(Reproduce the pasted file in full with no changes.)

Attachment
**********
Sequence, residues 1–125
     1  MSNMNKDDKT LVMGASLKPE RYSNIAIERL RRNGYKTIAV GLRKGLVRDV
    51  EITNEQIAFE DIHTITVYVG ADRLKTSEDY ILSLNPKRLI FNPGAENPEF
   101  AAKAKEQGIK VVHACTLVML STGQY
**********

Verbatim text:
Sequence, residues 1–125
     1  MSNMNKDDKT LVMGASLKPE RYSNIAIERL RRNGYKTIAV GLRKGLVRDV
    51  EITNEQIAFE DIHTITVYVG ADRLKTSEDY ILSLNPKRLI FNPGAENPEF
   101  AAKAKEQGIK VVHACTLVML STGQY